Judges in bow-killing case recommend license suspension

August 23, 2016
Katie James, dvm360 Associate Content Specialist
Katie James, dvm360 Associate Content Specialist

Katie James is an Associate Content Specialist for UBM Animal Care. She produces and edits content for dvm360.com and its associated print publications, dvm360 magazine, Vetted and Firstline. She has a passion for creating highly-engaging content through the use of new technology and storytelling platforms. In 2018, she was named a Folio: Rising Star Award Honoree, an award given to individuals who are making their mark and disrupting the status quo of magazine media, even in the early stages of their careers. She was also named an American Society of Business Publication Editors Young Leader Scholar in 2015. Katie grew up in the Kansas City area and graduated from the University of Kansas with a degree in journalism. Outside of the office her sidekick is an energetic Australian cattle dog mix named Blitz.

Kristen Lindsey, DVM, will also complete continuing education and community service if Texas board accepts judges' proposal.

Administrative law judges have recommended license suspension for Kristen Lindsey, DVM, the controversial veterinarian at the center of a bow-killing case, according to court documents filed on August 15.

Lindsey testifying at the administrative hearing. (Photo courtesy of Alley Cat Allies)

In addition to a five-year suspension of her license, the judges recommend that four years of that suspension be fully probated with quarterly reporting, required continuing education in the areas of veterinary jurisprudence and animal welfare or other such classes the board deems fit. The judges are also recommending a community service requirement of at least 100 hours to be completed at a feline rescue, free spay-neuter clinic or similar facility.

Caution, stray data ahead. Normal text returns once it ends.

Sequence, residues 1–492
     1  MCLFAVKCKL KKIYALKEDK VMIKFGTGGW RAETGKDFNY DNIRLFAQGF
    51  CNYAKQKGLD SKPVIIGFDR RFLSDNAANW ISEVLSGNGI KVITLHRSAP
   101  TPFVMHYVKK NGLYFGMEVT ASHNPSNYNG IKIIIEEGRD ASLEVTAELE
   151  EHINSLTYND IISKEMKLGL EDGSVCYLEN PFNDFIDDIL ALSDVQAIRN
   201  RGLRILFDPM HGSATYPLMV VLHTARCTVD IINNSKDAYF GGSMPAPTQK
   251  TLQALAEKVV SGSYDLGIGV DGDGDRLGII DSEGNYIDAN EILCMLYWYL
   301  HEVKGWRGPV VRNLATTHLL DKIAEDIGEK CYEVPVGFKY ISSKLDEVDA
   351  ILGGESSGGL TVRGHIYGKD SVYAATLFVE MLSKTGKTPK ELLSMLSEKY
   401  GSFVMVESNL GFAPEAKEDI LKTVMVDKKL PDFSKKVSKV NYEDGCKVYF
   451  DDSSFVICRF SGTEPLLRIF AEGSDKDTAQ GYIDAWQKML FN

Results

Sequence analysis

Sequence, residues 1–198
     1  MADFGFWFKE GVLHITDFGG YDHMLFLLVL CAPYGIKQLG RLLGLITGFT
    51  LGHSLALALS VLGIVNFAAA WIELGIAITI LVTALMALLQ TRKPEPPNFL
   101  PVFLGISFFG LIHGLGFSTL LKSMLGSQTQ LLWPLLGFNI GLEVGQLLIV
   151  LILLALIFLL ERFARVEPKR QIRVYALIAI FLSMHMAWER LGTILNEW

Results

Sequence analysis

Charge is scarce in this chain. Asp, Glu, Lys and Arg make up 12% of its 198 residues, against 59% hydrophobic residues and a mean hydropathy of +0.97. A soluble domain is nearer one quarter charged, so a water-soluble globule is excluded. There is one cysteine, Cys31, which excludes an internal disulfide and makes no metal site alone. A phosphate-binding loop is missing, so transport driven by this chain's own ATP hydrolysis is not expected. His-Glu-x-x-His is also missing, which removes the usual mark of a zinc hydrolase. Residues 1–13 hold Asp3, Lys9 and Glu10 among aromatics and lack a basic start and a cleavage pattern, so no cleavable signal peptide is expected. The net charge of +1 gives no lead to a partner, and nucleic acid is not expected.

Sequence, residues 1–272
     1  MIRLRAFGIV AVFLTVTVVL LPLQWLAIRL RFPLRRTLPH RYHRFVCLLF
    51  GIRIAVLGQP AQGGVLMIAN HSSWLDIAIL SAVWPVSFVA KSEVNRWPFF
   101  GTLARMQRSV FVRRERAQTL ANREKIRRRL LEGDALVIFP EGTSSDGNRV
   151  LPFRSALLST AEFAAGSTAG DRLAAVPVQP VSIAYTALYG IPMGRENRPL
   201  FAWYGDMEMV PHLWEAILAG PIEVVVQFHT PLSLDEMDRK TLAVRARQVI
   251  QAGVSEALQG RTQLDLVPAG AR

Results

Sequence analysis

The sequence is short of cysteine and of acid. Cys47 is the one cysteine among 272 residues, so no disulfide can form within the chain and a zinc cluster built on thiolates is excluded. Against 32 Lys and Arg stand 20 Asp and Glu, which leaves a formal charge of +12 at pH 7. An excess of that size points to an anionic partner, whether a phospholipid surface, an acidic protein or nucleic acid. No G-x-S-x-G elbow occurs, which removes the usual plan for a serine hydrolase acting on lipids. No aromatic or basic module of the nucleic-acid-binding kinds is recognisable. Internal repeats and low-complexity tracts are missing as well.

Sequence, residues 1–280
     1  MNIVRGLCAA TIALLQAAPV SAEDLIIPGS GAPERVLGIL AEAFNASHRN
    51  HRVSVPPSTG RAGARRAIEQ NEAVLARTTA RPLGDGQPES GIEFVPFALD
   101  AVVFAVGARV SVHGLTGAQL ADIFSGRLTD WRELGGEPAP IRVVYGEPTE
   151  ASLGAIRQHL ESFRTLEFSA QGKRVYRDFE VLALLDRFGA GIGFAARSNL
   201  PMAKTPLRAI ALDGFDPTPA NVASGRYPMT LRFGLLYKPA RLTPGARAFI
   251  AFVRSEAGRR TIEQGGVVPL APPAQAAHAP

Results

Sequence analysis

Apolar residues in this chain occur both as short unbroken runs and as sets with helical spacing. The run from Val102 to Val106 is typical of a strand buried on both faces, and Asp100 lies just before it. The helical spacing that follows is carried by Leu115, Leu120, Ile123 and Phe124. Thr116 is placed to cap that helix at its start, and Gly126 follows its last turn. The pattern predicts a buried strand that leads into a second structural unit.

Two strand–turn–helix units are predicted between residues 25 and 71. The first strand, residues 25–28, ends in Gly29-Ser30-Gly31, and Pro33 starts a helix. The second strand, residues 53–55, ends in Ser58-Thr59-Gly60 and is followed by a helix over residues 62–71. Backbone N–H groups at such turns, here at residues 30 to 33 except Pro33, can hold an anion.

The judges found that the Texas Board of Veterinary Medical Examiners (TBVME) established that Lindsey did kill an owned cat without the permission of its owner, her conduct was "reckless," and the defenses of "depredation and justification are unavailable," the judges' proposal for decision reads. It also notes that Lindsey's actions were connected with the practice of veterinary medicine through her Facebook post and therefore she may be sanctioned under appropriate board rules.

The judges conclude that Lindsey's actions are "mitigated by the fact that Tiger died instantaneously and did not suffer and the opinion of Tiger's owners that [Lindsey] should be allowed to learn and build her character from this experience." A lack of prior misconduct or crimes, strong academic and work record prior to the incident, and split opinions among the veterinary profession in regard to the treatment of feral cat populations also led to the recommendation for suspension vs. revocation of Lindsey's license, the decision states.

This decision comes after Lindsey's motion for a partial new trial was denied in July. From here the TBVME and Lindsey's lawyer will have an opportunity to file a response to the judge's decision, which the judges will then review and make any changes, if necessary. That finalized decision will then be presented to the full TBVME at its next meeting, which could be as early as October 18, according to a statement on the TBVME website.

The case involving Lindsey began more in April 2015, and centers on a graphic photo she posted on her Facebook account with a caption that bragged about shooting a cat with a bow and arrow.

"My first bow kill ... lol," the post read, accompanying the photo of the veterinarian smiling and holding the cat by an arrow that appeared to be shot through its head. "The only good feral tomcat is one with an arrow through it's [sic] head! Vet of the year award ... gladly accepted."

An Austin County grand jury didn't find sufficient evidence to charge Lindsey with criminal animal cruelty, but the TBVME found her in violation in the Veterinary Practice Act and started the process to revoke her license.